Not the most uplifting title, but it does get to the heart of the matter. Every time my health worsens, I grieve all over again for the things I'm missing. This process becomes less difficult with repetition, similar to a romantic breakup. It's never easy, however, and it's always unexpected.
At the end of 2013 and into early 2014 I was doing better, able to get out regularly. I had hope for the longer term, for the first time in years. Then the bottom fell out. I have so much widespread pain that it threatens to subsume me, and the fatigue has me practically homebound.
The fierce amount of mental energy required to cope with the pain is staggering. Perhaps people without chronic pain don't understand this concept, how many mental resources are marshaled to push the pain below a conscious level. The pain is still there, of course, but not always at the forefront of my thoughts. The more pain, the more energy is required to attempt block it out. The more pain, the less successful this attempt is. On bad days I can't concentrate enough to watch a movie; I was a National Merit Finalist.
This weekend was the commencement of another round of grieving. I thought I was doing ok, that I was just too sick to miss life. Then the longing for meaning, purpose and connection crashed down on me. Maybe this should be filed away in my journal rather than posted here, but I'd like to help others understand even a little.
March 22, 2014
There have been some big changes in my life, even more of them. I don't know whether I needed to let it all sink in, or find a way to express myself, but I hadn't feel ready to talk about it until now. I have a new doctor, and we've discovered that my autoimmune disease is a type of seronegative spondyloarthropathy. More specifically, Psoriatic Arthritis seems to fit, a condition where the immune system attacks soft tissues and joints. It's similar to Rheumatoid Arthritis.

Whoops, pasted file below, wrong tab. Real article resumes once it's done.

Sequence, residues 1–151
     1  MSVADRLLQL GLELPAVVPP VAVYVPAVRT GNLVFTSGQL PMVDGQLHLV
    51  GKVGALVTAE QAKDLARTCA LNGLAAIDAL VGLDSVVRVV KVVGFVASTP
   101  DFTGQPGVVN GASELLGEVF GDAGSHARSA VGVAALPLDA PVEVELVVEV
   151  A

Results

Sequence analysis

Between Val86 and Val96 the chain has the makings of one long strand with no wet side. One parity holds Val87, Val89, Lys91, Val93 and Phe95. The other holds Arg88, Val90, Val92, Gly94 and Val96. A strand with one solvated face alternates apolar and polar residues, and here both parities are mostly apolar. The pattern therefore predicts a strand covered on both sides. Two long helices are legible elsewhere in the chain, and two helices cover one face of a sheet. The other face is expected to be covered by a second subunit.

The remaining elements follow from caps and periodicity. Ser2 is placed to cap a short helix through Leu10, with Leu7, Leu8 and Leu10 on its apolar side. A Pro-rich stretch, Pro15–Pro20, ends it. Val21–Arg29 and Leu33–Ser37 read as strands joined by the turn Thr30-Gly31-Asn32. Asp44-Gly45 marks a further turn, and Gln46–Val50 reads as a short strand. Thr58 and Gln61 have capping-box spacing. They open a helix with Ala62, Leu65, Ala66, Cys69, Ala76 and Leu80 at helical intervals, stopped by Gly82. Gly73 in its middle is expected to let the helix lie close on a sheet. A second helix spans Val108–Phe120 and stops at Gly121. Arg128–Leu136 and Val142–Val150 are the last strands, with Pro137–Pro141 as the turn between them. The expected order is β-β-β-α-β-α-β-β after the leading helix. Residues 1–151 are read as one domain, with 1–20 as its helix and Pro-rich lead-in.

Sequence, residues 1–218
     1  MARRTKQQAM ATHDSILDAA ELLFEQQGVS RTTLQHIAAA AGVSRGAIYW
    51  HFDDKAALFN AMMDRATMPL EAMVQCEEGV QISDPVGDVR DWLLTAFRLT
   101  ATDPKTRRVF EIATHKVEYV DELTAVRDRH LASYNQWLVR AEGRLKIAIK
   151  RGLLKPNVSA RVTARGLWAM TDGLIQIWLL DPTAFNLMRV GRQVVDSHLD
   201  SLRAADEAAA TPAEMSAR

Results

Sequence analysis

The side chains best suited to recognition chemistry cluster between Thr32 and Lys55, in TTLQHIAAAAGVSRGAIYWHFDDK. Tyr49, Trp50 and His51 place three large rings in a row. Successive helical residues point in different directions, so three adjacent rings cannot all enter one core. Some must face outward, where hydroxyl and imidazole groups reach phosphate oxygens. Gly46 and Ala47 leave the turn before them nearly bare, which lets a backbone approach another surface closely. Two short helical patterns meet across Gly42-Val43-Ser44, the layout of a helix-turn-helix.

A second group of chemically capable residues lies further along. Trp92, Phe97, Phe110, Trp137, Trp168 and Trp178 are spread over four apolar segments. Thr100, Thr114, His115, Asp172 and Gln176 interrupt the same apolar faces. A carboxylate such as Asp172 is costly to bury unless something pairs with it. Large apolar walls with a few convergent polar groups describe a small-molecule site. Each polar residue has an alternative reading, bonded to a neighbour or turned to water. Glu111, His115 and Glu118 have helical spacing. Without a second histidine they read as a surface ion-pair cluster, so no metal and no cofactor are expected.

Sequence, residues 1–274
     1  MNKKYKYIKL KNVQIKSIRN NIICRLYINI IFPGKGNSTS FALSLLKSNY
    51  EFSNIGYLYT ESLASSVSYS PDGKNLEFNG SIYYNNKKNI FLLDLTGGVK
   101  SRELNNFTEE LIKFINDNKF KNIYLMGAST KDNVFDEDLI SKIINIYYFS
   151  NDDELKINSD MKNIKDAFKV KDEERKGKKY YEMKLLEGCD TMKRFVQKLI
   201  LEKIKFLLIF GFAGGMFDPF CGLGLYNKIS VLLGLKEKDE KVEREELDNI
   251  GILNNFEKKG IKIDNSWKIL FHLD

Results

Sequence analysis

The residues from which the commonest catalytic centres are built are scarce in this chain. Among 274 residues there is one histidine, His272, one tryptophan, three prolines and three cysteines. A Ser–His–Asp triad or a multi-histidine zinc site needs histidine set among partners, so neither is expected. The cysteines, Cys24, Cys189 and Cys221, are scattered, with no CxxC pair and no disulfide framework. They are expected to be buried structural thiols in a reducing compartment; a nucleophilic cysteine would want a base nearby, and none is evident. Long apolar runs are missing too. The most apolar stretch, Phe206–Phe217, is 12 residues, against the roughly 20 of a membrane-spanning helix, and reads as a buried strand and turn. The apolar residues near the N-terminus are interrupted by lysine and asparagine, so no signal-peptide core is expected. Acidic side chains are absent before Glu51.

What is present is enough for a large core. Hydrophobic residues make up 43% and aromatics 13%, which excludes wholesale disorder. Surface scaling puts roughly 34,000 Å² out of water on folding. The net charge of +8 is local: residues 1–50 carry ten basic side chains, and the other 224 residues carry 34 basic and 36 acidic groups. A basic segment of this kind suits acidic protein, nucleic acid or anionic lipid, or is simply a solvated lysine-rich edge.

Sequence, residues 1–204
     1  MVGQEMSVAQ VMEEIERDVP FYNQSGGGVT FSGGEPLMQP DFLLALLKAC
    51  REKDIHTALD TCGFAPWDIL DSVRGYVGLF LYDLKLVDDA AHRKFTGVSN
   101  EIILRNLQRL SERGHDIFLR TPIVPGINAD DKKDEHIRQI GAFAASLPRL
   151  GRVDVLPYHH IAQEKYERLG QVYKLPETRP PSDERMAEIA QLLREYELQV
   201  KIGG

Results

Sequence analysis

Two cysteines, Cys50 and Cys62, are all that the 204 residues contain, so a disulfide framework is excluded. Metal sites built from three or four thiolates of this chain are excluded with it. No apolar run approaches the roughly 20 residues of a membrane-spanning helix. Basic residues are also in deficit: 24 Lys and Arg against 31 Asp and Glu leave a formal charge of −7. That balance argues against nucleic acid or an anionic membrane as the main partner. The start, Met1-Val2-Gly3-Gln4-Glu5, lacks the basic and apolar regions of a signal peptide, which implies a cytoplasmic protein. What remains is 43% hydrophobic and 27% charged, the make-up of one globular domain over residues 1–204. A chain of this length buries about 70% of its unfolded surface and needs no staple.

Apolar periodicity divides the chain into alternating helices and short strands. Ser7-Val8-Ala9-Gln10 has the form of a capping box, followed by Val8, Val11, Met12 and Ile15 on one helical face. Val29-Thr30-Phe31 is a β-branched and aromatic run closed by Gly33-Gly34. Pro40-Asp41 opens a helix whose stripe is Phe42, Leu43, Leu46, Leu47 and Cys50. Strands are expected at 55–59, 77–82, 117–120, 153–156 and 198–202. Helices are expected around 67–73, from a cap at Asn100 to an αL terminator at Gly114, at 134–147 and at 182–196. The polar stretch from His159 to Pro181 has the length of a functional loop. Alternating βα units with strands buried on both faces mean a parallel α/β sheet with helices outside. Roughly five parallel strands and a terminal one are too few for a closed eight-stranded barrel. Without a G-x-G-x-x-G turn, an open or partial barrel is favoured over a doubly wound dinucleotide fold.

My most disabling symptom for years had been pain, but in the last few months fatigue has taken over. This isn't just feeling tired, or being drained by pain. This is a whole new level of fatigue, where merely standing is difficult and my thoughts move like molasses. It has also caused muscle weakness, dizziness, joint pain, and impaired my thoughts and memories. I am rarely able to leave my home except for medical appointments.
I don't know what the future holds. I felt positive a couple months ago when I finally got a diagnosis. Now I just wish I was able to function enough to enjoy life. I'm grateful to have caring friends who I can keep in touch with online. I have loving family. And I'm still able to knit. I've completed a few knitting projects and hope to share them, health permitting.